In an effort to directly relate K14 to the activity of YAP1 as a transcriptional regulator, we next conducted luciferase reporter assays in a heterologous cell culture setting. HeLa cells were selected because they are epithelia-derived, and grow and transfect well. HeLa cells normally show low levels of K14 expression (Moll et al., 1982) but respond well to K5-K14 co-transfection (Figure 5—figure supplement 1C). Transfection of a Ccn1 (Cyr61) gene promoter-driven Firefly luciferase plasmid, previously shown to effectively report on YAP transcriptional activity (Ma et al., 2017), led to a strong (~8 fold) induction of luciferase activity normalized to cells transfected with a reference Renilla luciferase plasmid (Figure 5C). Consistent with K14’s ability to retain YAP in the cytoplasm, Ccn1 promoter activity was significantly attenuated by co-expression of WT K14 along with assembly partner WT K5 (Figure 5C). In striking contrast, activity of the Ccn1 promoter construct was much less affected when cysteine-free K14 (K14 CF) was co-expressed with WT K5 (Figure 5—figure supplement 1C). Of note, the organization of filaments in HeLa cells co-expressing either K5 and K14WT or K5 and K14CF is comparable (Figure 5—figure supplement 1C). The findings from this heterologous assay substantiate the notion that K14-containing filaments impact YAP activity as predicted, and that this property depends on the presence of Cys residues in K14.

YAP is a key effector of mechanosensing and mechanotransduction (Dupont et al., 2011; Benham-Pyle et al., 2015; Panciera et al., 2017). Cells experiencing tension often respond by enhancing determinants such as F-actin stress fibers, acto-myosin contraction, the recruitment of α-catenin and vinculin to adherens junctions (Leckband and de Rooij, 2014; Yap et al., 2018), expression of lamin A/C in the nucleus (Swift et al., 2013), and frequency of binucleation (Cao et al., 2017). Monitoring the status of such elements provides a test for altered mechanosensing or mechanotransduction. In tail skin tissue sections, the immunostaining for α-catenin and for lamin A/C but not that for desmoglein 1 are markedly increased in Krt14 C373A mice relative to WT controls (Figure 6A,B). Use of the a-18 antibody that recognizes a mechanosensitive epitope on α-catenin (Shimoyama et al., 1992) confirms that epidermal keratinocytes are under altered tensile stress in Krt14 C373A epidermis (Figure 6C). In the setting of primary culture, we observed a greater incidence of multi-nucleated keratinocytes in Ca2+-treated Krt14 C373A newborn skin keratinocytes compared to WT control (14.3% versus 2.8%; Figure 6D). We also find that the immunofluorescence signal for α-catenin, lamin A/C, F-actin stress fibers and phosphorylated myosin light chain II (pMLC Ser19) are each increased in Krt14 C373A relative to WT (Figure 6E,F). Collectively these findings strongly suggest that, consistent with YAP misregulation (see Figure 5), Krt14 C373A mutant keratinocytes show alterations in mechanosensing and/or mechanotransduction relative to WT.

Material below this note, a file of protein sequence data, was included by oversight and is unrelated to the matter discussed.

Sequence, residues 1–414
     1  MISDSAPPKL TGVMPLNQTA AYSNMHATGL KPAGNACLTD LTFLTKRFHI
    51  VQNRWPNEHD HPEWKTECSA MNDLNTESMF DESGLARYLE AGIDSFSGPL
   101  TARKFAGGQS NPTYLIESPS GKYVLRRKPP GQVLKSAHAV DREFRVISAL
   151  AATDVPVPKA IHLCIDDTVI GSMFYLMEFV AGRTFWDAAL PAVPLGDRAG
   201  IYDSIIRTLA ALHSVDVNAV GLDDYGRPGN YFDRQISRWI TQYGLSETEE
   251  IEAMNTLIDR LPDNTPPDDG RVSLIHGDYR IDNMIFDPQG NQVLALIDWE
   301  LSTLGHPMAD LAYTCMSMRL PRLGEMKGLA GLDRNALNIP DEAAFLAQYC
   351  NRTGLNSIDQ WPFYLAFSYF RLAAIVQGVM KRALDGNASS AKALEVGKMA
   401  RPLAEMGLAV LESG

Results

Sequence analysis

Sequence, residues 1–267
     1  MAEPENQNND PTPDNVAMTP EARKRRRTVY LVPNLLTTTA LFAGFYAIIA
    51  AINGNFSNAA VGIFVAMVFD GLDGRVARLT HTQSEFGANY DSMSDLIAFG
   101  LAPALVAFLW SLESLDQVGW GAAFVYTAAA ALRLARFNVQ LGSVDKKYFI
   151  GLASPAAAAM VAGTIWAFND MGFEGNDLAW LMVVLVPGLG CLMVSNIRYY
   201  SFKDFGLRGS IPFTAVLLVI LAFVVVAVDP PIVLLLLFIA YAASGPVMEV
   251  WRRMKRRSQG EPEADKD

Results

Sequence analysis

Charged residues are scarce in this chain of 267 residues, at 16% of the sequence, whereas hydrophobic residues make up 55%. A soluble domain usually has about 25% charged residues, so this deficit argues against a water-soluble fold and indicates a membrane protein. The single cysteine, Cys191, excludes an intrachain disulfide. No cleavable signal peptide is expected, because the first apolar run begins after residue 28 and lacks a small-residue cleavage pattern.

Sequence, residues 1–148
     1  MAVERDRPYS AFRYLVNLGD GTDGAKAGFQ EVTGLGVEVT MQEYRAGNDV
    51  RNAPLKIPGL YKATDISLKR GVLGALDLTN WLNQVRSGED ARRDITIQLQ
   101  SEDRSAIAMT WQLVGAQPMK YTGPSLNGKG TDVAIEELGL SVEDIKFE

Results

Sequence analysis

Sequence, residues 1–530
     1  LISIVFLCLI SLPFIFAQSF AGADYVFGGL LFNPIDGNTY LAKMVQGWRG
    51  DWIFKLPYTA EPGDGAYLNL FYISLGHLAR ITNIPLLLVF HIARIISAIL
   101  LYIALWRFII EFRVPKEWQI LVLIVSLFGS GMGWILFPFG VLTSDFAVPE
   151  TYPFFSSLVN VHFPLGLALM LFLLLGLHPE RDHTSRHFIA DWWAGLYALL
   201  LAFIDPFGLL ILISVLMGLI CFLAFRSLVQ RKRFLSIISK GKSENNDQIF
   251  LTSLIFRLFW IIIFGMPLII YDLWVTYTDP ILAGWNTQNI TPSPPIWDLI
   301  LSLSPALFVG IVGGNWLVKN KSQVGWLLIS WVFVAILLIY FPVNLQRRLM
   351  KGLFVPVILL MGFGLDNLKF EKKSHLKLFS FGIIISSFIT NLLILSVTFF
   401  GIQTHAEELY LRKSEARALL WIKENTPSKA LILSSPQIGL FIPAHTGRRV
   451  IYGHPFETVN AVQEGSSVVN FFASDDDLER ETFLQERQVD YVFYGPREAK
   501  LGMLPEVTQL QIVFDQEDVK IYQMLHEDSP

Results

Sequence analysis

Altered mechanics in Krt14 C373A epidermis and keratinocytes in culture.

(A-C) Studies involving tail skin sections from young adult WT and Krt14 C373A mice. A. Indirect immuno-fluorescence microscopy for α-catenin, desmoglein one and lamin A/C. Dashed lines depict the dermo-epidermal interface. B. Quantification of relative fluorescence intensity, as shown in frame a, for WT and Krt14 C373A. N = 3 biological replicates. (C) Indirect immunofluorescence microscopy for the a-18 mechanosensitive epitope in α-catenin in tail skin sections from WT and Krt14 C373A mice (see A). D-F: Studies involving newborn skin keratinocytes in primary culture. (D) Percentage of cells with multinucleation in WT and Krt14 C373A keratinocytes cultured as described for frames a,c. N = 3 biological replicates (total of 100 cells counted each time per genotype). (E) Indirect immunofluorescence microscopy for lamin A/C (top and middle rows) and α-catenin (bottom row) in primary cultures of WT and Krt14 C373A newborn keratinocytes. (F) same as E, except that F-actin (via phalloidin) and Ser19-phosphorylated myosin light chain pMLC (Ser19) are stained. Nuclei are stained with DAPI in frames A, C, E and F. Scale bars, 20 µm. Data in B and F represent mean ± SEM. Student’s t test: *p<0.05; ***p<0.005; n.s., no statistical difference.